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Russia and Iran have a common objective in Syria, and all assertions about the possibility of driving a wedge between the two countries are speculations, Vedomosti quotes former Russian Ambassador to Saudi Arabia, Andrei Baklanov, as saying. "We have substantially coinciding stances with Tehran. Bashar al-Assad’s regime is legitimate and should be preserved, while Syria’s future must be determined by the people of the country. As for Iran, Trump currently has other priorities or just does not have enough hard facts," the diplomat stressed.
The Wall Street Journal earlier reported, citing high-ranking sources in the White House, Europe and some Arab countries, that the Trump administration is searching for ways of destroying the military and diplomatic alliance between Russia and Iran to accelerate the end of the conflict in Syria and step up the fight against the Islamic State (terrorist group, outlawed in Russia).
The US will be unable to influence the Russia-Iran alliance directly, according to Vladimir Yevseyev, Deputy Director of the CIS Countries Institute. In his view, Washington can create problems indirectly, primarily by hampering the work of Russian businesses in Iran through new sanctions against Tehran or strengthening the existing ones. Discord in the Russia-Turkey-Iran troika in Syria is possible as well, and Moscow should prevent this from happening, the expert went on to say.
"The possible weak points are demands for Tehran to stop arms supplies to Hezbollah via Syria and the withdrawal of Revolutionary Guards advisers from that country. If that happens, Iran’s role in Syria will diminish substantially, which make combat operations more difficult, while Iran will get the impression that it has been excluded from the process. In that case, it may turn against Russia."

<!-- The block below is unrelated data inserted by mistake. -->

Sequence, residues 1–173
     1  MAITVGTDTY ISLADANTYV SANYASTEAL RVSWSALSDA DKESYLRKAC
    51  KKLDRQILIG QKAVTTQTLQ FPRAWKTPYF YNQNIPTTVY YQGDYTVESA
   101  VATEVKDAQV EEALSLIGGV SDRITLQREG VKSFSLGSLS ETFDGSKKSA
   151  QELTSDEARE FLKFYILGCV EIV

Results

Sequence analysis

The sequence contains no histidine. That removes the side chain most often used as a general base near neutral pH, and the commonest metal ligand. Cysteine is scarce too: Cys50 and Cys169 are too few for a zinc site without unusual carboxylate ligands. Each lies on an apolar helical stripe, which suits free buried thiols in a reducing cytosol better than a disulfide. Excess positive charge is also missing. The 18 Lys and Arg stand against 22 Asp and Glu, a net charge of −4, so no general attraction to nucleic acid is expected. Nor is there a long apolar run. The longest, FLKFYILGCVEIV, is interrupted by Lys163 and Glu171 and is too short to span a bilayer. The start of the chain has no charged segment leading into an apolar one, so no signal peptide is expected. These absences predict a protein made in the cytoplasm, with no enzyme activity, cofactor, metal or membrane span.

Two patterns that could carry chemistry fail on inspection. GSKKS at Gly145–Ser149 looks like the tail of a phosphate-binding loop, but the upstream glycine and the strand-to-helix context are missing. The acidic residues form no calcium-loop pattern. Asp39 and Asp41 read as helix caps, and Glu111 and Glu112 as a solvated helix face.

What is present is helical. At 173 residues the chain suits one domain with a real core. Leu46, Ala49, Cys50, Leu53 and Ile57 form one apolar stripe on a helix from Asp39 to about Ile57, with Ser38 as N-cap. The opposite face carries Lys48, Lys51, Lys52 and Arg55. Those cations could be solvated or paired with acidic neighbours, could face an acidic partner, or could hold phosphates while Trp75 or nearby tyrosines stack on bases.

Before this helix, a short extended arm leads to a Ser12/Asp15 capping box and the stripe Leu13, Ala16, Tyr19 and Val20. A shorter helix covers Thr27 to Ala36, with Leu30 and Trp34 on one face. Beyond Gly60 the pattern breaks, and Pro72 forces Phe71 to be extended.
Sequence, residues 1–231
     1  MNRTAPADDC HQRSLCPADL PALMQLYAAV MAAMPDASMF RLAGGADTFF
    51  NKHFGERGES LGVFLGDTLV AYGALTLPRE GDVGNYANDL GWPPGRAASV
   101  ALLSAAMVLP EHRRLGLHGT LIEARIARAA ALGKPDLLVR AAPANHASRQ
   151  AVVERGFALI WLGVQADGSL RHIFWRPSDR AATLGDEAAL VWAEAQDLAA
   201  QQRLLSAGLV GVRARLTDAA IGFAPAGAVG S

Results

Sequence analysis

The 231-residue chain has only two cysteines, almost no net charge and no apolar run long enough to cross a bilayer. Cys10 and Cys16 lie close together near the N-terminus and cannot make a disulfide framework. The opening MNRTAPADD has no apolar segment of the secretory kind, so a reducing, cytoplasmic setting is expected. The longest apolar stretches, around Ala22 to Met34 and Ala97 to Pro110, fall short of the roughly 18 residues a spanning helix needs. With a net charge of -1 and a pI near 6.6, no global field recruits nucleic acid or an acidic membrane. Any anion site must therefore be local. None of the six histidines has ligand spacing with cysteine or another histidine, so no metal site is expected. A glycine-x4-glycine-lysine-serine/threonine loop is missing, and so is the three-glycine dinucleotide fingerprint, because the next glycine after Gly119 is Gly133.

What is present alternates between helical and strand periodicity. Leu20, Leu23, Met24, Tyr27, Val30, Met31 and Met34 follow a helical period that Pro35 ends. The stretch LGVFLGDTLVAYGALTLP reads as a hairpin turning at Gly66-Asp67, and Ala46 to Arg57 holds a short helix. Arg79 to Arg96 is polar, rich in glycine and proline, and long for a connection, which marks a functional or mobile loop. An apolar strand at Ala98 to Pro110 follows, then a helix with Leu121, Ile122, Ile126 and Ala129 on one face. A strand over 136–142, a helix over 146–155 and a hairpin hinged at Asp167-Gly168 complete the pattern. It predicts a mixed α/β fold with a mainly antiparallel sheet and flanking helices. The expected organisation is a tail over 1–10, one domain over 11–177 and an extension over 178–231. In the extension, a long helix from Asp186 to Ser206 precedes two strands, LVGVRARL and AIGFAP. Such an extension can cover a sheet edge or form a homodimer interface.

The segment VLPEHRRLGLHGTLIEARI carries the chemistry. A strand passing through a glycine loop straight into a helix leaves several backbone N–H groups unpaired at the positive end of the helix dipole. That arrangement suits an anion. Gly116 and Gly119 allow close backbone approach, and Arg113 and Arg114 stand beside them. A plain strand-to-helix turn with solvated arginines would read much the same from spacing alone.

Moscow and Tbilisi will hold another round of consultations on mending bilateral relations in Prague on Tuesday. As usual, Russia is represented at the talks by Deputy Foreign Minister, Grigory Karasin, and Georgia - by Special Representative for Relations with Russia, Zurab Abashidze.
Georgia has been doing its utmost in terms of abolishing visas for Russians and citizens of other countries, Abashidze told Nezavisimaya Gazeta. "We have cancelled visa restrictions for Russian nationals," he said. "They may stay in Georgia without visas for up to a year. For its part, Russia simplified visa requirements for Georgian citizens, which affected the number of issued visas. We heard the Russian president’s remarks about the possibility of abolishing visas. If Russia pushes ahead with its efforts in terms of simplifying requirements or abolishing visas, we will see that as a step in the right decision, which would be praised. The visa issue is Russia’s domain. If there are new proposals on this matter, we will hear them out and discuss them.
When asked about the prospects for restoring diplomatic relations between Moscow and Tbilisi, Abashidze emphasized that that "the issue will not be on the agenda as long as Georgia’s territorial integrity is violated." "However, if the process of resolving the problems related to Abkhazia and South Ossetia begins, if significant progress is made, restoration of diplomatic relations could be included in the agenda at some point," he emphasized.
Russia’s Federal National Guard Troops Service will monitor rallies, concerts and football matches by using airships, Izvestia writes. These high-altitude reconnaissance devices equipped with cutting-edge optics will be able to pinpoint specific pockets of unrest, especially rabble-rousers and isolate them without endangering other people’s lives and wellbeing.
They could be used for the first time during the 2017 FIFA Confederations Cup scheduled to be held in Russia this summer. A source in the Russian National Guard informed TASS that the use of aerial monitoring systems is a new direction in developing weapons for Russia’s National Guard Troops.